The larvae remain in larval tanks filled with filtered ambient water for three days during which they are fed a cultured source of micro-algae. The eggs develop into D-hinge larvae and begin to swim around and eat. A complete water change is performed on the larval tanks twice a week to exchange out old water and waste products, uneaten algae, and to check on the health of the larvae. Large sieves covered in nitex fabric are placed under the drain valve of the tank, and the tank is slowly drained through the sieves. Larvae are retained on the sieve while water passes through. A 10,000 gallon tank can be drained through a sieve in about 3 hours. Once the tank is drained, a dilution of the larvae will be made and counted under a microscope noting size and gut contents. The tank is scrubbed clean and refilled. Larvae are placed back into a tank where they will continue to grow. This process is repeated for 14-20 days with the larvae growing in size from 40 microns to over 250 microns.
Larvae nearing the 14 day mark develop an eye-spot and a footŁ. When larvae reach this pediveliger stage they are carefully graded and sorted according to size. Larger larvae will have eye-spots and an active foot and are ready to set. These larvae are pulled off from the others and introduced into a setting tank. The smaller larvae that have not reached the pediveliger stage are put back into the larval tanks and allowed to mature for a few more days.
Setting tanks are large outdoor tanks that hold containers of shell where the eyed larvae are introduced to become spat. The Oyster Recovery Partnership is responsible for cleaning and filling the stainless steel containers with shell, and transporting them into the setting tanks. Loaded tanks are filled with ambient river water and the salinity and temperature of the water is adjusted to proper setting requirements. Air blowers provide even distribution of salt and temperature throughout the tank and provide oxygen for the larvae. Eyed larvae are carefully introduced into the tank by gently washing them out of a bucket on top of the shell containers. The top of the containers are washed down to ensure that all of the larvae have been rinsed into the water of the tank.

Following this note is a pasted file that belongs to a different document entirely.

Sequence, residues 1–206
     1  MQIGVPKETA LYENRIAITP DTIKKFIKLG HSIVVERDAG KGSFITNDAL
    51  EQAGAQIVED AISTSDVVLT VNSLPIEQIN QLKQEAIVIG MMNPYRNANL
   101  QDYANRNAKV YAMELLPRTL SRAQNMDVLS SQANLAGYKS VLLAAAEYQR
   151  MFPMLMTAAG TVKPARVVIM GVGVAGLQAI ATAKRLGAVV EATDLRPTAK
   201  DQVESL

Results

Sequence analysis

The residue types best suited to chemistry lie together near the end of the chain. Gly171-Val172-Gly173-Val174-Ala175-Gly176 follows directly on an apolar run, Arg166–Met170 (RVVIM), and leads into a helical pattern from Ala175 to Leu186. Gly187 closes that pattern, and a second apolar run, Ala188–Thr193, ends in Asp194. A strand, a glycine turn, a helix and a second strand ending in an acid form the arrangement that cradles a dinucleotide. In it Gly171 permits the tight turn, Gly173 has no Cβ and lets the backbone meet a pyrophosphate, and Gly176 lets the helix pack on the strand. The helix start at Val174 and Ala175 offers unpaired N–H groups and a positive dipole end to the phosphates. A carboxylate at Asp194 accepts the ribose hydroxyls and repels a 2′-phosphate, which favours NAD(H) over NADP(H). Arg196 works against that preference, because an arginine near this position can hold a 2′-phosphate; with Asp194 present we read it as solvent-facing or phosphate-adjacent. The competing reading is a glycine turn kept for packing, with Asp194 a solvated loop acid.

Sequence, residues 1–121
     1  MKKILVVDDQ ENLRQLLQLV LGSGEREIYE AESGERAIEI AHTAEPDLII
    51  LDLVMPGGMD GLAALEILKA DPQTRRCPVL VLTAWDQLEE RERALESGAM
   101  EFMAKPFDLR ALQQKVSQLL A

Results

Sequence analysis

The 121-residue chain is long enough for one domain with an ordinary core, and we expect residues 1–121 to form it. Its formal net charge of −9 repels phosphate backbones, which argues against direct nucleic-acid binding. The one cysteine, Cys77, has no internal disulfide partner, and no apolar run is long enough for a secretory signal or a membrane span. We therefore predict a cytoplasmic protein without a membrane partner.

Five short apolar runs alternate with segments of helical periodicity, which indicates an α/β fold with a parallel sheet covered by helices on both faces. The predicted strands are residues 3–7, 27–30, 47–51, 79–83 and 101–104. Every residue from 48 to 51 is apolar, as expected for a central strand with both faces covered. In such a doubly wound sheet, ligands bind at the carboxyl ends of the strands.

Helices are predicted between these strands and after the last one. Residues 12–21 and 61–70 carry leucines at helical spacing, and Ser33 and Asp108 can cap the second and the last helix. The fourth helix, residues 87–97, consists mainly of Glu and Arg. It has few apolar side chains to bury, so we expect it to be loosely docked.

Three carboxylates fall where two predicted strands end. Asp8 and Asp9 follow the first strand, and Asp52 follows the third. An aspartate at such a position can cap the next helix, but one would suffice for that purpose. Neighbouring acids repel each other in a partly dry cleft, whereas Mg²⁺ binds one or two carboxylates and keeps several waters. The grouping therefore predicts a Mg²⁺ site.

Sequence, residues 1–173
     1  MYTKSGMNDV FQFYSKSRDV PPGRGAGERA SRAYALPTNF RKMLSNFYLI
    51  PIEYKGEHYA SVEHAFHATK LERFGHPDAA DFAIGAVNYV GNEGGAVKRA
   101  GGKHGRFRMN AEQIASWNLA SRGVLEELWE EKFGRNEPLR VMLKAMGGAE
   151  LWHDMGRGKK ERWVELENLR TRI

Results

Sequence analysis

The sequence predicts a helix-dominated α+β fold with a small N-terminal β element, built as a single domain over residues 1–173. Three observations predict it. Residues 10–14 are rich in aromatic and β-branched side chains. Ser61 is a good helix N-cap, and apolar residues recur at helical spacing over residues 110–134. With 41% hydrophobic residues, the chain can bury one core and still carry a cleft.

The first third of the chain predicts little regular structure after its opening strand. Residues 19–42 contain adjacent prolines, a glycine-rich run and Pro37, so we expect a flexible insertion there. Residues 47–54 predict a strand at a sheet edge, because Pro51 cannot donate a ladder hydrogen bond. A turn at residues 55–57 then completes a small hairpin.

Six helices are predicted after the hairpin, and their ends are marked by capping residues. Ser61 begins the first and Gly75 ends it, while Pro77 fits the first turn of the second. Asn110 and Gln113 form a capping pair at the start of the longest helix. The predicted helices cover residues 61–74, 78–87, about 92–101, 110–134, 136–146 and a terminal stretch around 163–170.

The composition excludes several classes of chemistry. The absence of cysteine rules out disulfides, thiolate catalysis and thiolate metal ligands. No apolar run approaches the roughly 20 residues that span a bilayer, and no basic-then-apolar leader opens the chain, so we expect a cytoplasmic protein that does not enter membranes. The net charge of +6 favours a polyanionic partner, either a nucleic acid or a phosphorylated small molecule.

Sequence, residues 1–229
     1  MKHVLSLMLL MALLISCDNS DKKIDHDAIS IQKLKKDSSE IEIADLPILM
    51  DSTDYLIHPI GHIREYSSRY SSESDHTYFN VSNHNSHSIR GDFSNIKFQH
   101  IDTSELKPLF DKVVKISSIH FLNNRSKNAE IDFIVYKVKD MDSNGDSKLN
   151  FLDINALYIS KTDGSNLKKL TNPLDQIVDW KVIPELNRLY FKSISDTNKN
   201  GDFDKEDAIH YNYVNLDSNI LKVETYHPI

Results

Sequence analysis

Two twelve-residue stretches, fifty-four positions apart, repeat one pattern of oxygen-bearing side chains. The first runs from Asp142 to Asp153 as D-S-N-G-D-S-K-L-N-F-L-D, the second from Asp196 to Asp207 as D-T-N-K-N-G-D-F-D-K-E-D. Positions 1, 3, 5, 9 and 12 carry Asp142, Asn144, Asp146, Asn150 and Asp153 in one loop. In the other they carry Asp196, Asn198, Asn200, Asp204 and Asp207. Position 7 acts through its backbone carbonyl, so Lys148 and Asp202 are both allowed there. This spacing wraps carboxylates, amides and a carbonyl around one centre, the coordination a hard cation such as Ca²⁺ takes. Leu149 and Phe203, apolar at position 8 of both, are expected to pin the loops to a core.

After 48 hours, shells in the setting tank are inspected under a dissecting scope to see if the eyed larvae have successfully attached to become spat. If the tank is determined to have successfully set, ambient water will be turned onto the tank and the spat will begin to feed on naturally occurring algae in the river water. If the tank has not set well, more eyed larvae can be introduced or the tank can be given more time to set.
Once the setting tank is on ambient water, the spat will harden by eating, growing and putting more strength into their shell. The spat are then ready to be moved out of the setting tank into the nursery or planted directly onto a prepared site. If the tank is being planted directly from the setting tank, the containers of shell will be dumped onto the deck of the Oyster Recovery Partnership’s planting vessel, the Robert Lee. Shell samples are collected and taken back to the hatchery for counting. Once all of the tanks are unloaded onto the boat, the boat will sail to the prepared oyster site where the spat will be blown overboard with a fire hose. Tanks going into the nursery will be removed from the setting tank and placed directly into the Choptank River in the shallow nursery area. The nursery grounds allow the spat on shell to grow to a larger size in a protected area while freeing up the setting tank for another round. The stainless steel containers will remain in the nursery until the spat reach a pre-determined size. Once the spat reach the correct size, the containers are removed from the nursery waters and dumped onto the deck of the boat. Random samples are taken throughout this process so we can determine the number of spat being planted from each tank. After the boat is loaded, the boat will steam to the designated planting site and plant the spat overboard.
Once the spat are planted on a site, the monitoring process can begin. The Paynter Lab at the University of Maryland College Park is responsible for monitoring all spat planted by the Horn Point Oyster Hatchery. For more information visit the Paynter Lab website.